Why Richmond California?
Richmond, California was chosen as the site for this National Historical Park because it has so many surviving sites and structures from the World War II years that can help tell the diverse stories of the home front. These stories include the mobilization of America’s industry and the changes in production techniques; the struggle for women’s and minority rights; the labor movement; the growth of pre-paid medical care; advances in early childhood education and day care; recycling and rationing; major shifts in population; and changes in arts and culture.
The legislation establishing the park recognizes the national significance of the historic sites and structures within the City of Richmond. The importance of these resources is discussed in this section. While these historic resources are owned by different public and private entities, and not by the park, they all help tell the story of Rosie the Riveter and America's WWII home front. To read the park's enabling legislation, (link coming soon).
Shipyard No. 3 and the SS Red Oak VictoryThe four Richmond Shipyards built by Henry J. Kaiser were the largest shipyard complex on the west coast. Shipyard No. 3 is now the only surviving wartime yard in Richmond. It is listed on the National Register of Historic Places. A large part of the Kaiser company's success included using a ship building method that involved prefabricating ship components, which increased the efficiency and speed of production, and allowed them to train unskilled workers to do repetitive processes Whirley cranes were used to move the ship components from place to place in the shipyard. The S.S. Red Oak Victory is a WWII era cargo vessel that was built in the Richmond Shipyards. It is listed on the National Register of Historic Places to recognize its military, transportation, and engineering significance as an ammunition and cargo vessel during WWII. The Red Oak is owned and operated by the Richmond Museum of History. For more information on visiting the ship, please click here. Website: http://www.ssredoakvictory.com/index.htm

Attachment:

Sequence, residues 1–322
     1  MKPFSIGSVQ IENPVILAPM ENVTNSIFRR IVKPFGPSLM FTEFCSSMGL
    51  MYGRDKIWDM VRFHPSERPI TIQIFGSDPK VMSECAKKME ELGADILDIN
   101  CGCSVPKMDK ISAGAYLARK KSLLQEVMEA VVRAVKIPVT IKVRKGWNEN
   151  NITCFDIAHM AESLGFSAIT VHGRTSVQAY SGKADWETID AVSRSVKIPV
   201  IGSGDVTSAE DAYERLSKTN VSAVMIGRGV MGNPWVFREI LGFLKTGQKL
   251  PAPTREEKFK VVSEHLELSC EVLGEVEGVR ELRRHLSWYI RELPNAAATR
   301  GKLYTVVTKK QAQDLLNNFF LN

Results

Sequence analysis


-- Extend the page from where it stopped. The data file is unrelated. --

Ford Assembly BuildingWhen the Ford Assembly Plant was built in 1930, it was the largest automobile assembly plant on the West coast. During WWII, the plant converted from assembling Model A cars to assembling jeeps and outfitting tanks for the military. The plant also became known as the Richmond Tank Depot, one of three places in the country where vehicles were transported for final processing and up-to-the-minute improvements installed before being shipped out to war zones around the world. Workers at the depot equipped more than 60,000 military vehicles including tanks, Army trucks, half-tracks, tank destroyers, personnel carriers, scout cars, amphibious tanks, snow plows, and bomb lift trucks.
Kaiser Field HospitalIn 1942, Henry J. Kaiser created the Permanente Health Plan for shipyard workers. He instituted a three-tier medical care system that included first-aid stations in the shipyards, a field hospital, and a main hospital. One of Kaiser's original first-aid stations remains intact in Shipyard No. 3. The field hospital also still exists and is now privately owned.
Atchison VillageRichmond was a boomtown during the war. As more and more people came to work in defense industries, the population had increased by 296% by the end of the war. Existing housing was severely inadequate for so many people. To meet the critical housing shortage, the Richmond Housing Authority was incorporated on January 24, 1941. The program consisted of 20 housing projects, including apartments, dormitories, and three trailer parks. Most of these housing units were meant to be temporary, and no longer exist. Atchison Village was designed to be a permanent housing complex, however, and today is privately owned by a cooperative housing association.
Child Development CentersIn addition to health care, Kaiser provided child care for families working in his shipyards. Funding to build the child care centers was provided by the United States Maritime Commission. The centers incorporated progressive early-childhood education programming, nutritional meals and snacks, on-site nurses, art lessons, and family counseling. Most centers operated from six a.m. to six p.m., although some provided 24-hour care. The largest child care centers were the Maritime Child Development Center and the Pullman Child Development Center (later renamed the Ruth C. Powers Child Development Center). Today, the Maritime Center is owned by the Rosie the Riveter Trust and houses a re-created wartime classroom exhibit. Reservations are required to visit this exhibit.
Last updated: May 31, 2017